Understanding a Company Through its Accounting Practices
1st Quarter, 2019
1st Quarter, 2019
Rick D. Moulton,
CFA, Portfolio Manager
In prior articles, we have discussed the primary Riverbridge investment disciplines. These include investing in companies offering predictable unit growth and an enduring competitive edge in their respective marketplaces. Owning a strategic market position is integral to sustaining this competitive advantage while also providing pricing flexibility to guard against inflationary pressures. Riverbridge seeks companies possessing the ability to internally finance their growth and thus are not dependent on borrowing money or raising capital to grow. This discipline allows our companies to better control their own destinies’. Overarching all these disciplines is our insistence upon high quality management teams as defined by their industry peers. The final discipline is our requirement that companies adopt conservative accounting practices. While some may consider conservative accounting to be mundane when compared to our other disciplines, it is certainly no less important and cannot be overlooked.
Generally Accepted Accounting Principles (GAAP) govern the standards corporations must use when issuing their quarterly financial statements. GAAP is a common set of rules and guidelines established by policy boards that include principles of consistency, prudence, and sincerity. While GAAP does provide an accounting construct, much latitude still exists in how companies recognize revenues, account for expenses, and classify assets on a balance sheet. Many investors take accounting policies for granted, comforted knowing they must conform to GAAP. The only accounting line items that seem to be regularly discussed are revenues and earnings per share. By ignoring accounting policies or narrowly focusing on reported earnings, investors are doing themselves a disservice as it relates to investment returns and risk management.
The Riverbridge investment team meticulously examines the revenue recognition policies of owned or prospective companies, comparing them to the practices within their industry. We have no interest in investing with a management team deploying aggressive revenue recognition policies. If management is willing to operate in a more aggressive fashion with respect to revenue recognition relative to their peers, they are likely taking other outsized business risks.
We also spend significant time reviewing financial statements for changes in accounting policies. Oftentimes changes in accounting polices presage a fundamental deterioration in the underlying business. As an investment team, it is our goal to detect such a business deterioration long before the income statement is adversely impacted.
For more than 30 years, our insistence on carefully examining accounting philosophies and policies has served our portfolios and clients well. Several years ago, we were invested in a surgical company that had developed a novel procedure that significantly reduced convalescence time. This company epitomized our investment disciplines, including a dominant market position and robust unit growth. After two years of investment in this company, we noticed an accounting policy change in how they recognized revenues. According to the change, when their products reached the surgical center, revenue would be recognized. Prior, revenue was recognized only when their product was actually used in a surgical procedure. This more aggressive accounting technique captured the attention of our investment team. Conversations with management ensued. It was explained to us that this change was more in line with industry standards—but we weren’t convinced and sold the security.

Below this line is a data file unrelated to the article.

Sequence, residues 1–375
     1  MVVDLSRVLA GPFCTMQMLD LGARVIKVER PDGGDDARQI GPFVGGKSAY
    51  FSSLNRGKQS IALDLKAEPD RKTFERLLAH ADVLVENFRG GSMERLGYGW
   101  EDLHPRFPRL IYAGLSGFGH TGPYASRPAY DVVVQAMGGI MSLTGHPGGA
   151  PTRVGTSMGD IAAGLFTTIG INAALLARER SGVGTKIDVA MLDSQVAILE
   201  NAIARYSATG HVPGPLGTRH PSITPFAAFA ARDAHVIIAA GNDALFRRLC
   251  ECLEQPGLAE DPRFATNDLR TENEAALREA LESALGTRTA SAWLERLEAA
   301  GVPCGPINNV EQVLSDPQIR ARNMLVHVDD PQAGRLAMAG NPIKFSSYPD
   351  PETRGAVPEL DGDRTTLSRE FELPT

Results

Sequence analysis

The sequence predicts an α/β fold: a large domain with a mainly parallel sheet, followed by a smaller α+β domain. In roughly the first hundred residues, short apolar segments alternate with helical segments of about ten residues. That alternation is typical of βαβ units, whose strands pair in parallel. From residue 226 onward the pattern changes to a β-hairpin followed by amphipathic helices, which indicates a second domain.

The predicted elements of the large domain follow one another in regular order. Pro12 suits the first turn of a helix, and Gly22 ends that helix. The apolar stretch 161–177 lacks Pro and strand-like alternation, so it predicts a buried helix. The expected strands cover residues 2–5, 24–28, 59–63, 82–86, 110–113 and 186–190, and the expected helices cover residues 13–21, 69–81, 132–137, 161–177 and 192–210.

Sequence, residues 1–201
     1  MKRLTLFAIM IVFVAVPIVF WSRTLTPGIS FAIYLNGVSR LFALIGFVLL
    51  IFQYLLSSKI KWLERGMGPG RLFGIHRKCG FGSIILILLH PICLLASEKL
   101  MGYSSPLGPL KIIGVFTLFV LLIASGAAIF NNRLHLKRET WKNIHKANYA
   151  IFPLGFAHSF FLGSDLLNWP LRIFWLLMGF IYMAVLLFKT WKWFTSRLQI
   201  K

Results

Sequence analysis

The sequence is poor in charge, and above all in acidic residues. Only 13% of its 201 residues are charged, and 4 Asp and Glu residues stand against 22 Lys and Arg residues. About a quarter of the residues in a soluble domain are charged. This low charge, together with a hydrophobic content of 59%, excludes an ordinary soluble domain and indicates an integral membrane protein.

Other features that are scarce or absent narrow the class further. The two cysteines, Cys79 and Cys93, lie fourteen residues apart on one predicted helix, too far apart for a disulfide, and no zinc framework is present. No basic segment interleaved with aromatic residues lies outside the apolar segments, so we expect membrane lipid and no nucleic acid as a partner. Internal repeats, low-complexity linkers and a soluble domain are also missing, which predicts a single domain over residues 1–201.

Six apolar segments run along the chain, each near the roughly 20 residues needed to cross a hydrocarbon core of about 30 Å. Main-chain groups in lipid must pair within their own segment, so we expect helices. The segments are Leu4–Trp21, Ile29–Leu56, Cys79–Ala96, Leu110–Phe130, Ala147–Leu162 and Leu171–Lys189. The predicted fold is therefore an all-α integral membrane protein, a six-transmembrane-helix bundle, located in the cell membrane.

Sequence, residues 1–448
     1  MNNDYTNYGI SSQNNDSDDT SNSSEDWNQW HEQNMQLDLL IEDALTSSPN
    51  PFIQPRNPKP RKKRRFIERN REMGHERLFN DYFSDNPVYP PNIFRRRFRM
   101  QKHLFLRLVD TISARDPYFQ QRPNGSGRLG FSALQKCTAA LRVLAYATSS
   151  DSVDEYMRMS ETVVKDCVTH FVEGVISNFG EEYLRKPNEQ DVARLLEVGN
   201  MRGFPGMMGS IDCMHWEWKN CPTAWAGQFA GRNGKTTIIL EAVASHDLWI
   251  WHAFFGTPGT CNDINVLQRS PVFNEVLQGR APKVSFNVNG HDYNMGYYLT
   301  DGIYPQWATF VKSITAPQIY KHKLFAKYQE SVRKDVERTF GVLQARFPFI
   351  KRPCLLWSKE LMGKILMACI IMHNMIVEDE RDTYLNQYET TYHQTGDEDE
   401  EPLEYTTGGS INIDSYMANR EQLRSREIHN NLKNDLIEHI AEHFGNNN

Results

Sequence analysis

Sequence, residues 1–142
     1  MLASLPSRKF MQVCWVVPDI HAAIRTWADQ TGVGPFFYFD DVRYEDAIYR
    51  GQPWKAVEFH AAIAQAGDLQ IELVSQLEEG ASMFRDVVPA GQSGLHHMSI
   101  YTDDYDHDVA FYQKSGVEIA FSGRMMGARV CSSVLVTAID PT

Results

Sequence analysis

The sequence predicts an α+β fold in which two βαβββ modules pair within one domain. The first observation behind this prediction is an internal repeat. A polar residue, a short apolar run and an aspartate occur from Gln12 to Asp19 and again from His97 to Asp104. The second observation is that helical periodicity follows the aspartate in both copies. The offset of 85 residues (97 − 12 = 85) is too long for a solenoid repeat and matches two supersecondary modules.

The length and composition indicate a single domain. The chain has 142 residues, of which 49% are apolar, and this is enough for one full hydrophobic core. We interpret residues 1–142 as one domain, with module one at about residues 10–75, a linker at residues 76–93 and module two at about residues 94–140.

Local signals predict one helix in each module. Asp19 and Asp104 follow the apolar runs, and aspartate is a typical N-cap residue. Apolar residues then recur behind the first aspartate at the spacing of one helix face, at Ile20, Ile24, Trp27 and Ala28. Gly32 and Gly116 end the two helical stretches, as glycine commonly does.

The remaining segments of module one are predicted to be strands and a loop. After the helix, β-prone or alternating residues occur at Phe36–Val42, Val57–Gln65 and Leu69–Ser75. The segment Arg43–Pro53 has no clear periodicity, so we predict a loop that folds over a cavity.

For the next two quarters, as we watched from the sidelines, the company reported stellar earnings. In fact, they had record revenues each quarter. The third quarterly report, however, told a different story. The company missed their projections badly and a major inventory write-off followed. The company was shipping their product to the surgery centers at a rate faster than the product was being consumed. Their customers instructed the company to discontinue orders and even returned some shipments. Effectively, this company was “stuffing the channel” to bolster their reported earnings. Our insistence on conservative accounting standards spared Riverbridge and our clients from a major downturn in this company’s stock price.
It is risky to focus only on revenues and reported earnings while ignoring how these figures are actually constructed. When analyzed properly, accounting does not answer many questions. Rather, it raises questions and topics to be addressed with the management team. Thoroughly understanding a company’s accounting practices and philosophy provides a much richer fundamental understanding of the company and the integrity of its management team.
2nd Quarter, 2018
While few dispute growth is a necessary ingredient for capital appreciation, an oft-neglected piece of analysis is the sustainability of such growth, which requires a deep look at a company’s strategic market position.
3rd Quarter, 2018
Enduring investments require leadership to cultivate a culture encouraging and even demanding constant innovation–even if it comes at the expense of near term earnings.